(CNN) -- Microsoft co-founder Paul Allen has been diagnosed with non-Hodgkin's lymphoma, more than 25 years after he was treated for Hodgkin's disease, a spokesman at his company Vulcan Inc. told CNN on Monday.
Allen, 56, "received the diagnosis early this month and has begun chemotherapy," Vulcan CEO Jody Allen said in a memo to Vulcan employees. The memo was posted Monday evening on CNET's news site.
"Doctors say he has diffuse large B-cell lymphoma, a relatively common form of lymphoma," Jody Allen, who is Paul Allen's sister, said in the memo. "This is tough news for Paul and the family. But for those who know Paul's story, you know he beat Hodgkin's a little more than 25 years ago, and he is optimistic he can beat this, too."
The memo said Paul Allen is feeling OK, is still working and "has no plans to change his role at Vulcan," which is based in Seattle, Washington.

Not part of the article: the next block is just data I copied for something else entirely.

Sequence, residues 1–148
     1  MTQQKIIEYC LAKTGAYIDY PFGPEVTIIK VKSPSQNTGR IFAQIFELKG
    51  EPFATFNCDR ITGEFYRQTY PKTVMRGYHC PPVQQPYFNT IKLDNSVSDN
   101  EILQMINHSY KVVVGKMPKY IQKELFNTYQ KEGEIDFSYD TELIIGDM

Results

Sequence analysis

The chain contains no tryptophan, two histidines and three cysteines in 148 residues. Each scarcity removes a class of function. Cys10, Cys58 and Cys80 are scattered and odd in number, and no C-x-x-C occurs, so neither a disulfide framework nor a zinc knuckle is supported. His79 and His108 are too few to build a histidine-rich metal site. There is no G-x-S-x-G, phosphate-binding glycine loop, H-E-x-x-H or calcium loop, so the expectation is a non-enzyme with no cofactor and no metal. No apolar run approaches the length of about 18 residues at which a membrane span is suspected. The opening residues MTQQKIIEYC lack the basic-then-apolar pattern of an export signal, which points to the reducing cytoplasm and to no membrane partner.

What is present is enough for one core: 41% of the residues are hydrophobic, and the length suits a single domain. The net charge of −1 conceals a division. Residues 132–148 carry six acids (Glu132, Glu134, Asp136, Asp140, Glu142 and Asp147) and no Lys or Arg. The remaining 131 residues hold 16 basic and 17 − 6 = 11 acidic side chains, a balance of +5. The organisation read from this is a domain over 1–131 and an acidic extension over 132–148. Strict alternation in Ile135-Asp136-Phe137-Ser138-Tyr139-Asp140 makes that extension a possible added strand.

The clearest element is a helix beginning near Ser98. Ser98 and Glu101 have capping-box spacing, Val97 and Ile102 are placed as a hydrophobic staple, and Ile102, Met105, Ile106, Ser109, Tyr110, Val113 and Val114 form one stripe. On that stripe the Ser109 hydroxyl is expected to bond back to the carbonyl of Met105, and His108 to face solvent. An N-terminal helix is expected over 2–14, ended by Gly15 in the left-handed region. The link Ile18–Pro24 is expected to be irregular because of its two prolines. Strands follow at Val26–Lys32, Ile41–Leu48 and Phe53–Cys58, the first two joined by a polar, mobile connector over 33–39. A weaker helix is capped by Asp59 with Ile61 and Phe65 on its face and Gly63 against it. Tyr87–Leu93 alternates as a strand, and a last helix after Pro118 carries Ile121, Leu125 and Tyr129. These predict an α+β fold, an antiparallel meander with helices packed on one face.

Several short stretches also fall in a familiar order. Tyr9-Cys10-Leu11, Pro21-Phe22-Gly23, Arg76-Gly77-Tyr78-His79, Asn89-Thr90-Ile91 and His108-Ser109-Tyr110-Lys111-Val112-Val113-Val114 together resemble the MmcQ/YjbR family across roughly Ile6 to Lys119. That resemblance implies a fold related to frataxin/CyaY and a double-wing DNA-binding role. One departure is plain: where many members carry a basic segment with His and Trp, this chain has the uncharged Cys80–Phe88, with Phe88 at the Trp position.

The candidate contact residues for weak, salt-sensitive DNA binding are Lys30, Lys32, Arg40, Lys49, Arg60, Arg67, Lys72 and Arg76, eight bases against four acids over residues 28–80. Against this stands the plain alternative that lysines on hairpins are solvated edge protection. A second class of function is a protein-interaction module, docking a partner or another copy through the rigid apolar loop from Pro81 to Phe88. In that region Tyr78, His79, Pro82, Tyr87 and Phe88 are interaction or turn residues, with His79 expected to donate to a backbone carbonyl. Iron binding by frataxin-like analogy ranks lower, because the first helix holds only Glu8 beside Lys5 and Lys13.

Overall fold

Allen, who co-founded Microsoft with Bill Gates in the mid-1970s, was that company's chief technologist until he left the company in 1983, the year he was treated for Hodgkin's lymphoma, according to the Web site for his Paul G. Allen Family Foundations.
In September, Allen ranked 17th in the Forbes 400 list of richest Americans. His net worth was $11.5 billion, according to Forbes magazine.
Among Allen's business interests are the professional sports teams he owns, the NFL's Seattle Seahawks and the NBA's Portland Trail Blazers. He also is part owner of Major League Soccer's Seattle Sounders FC.
CNN's Katy Byron contributed to this report.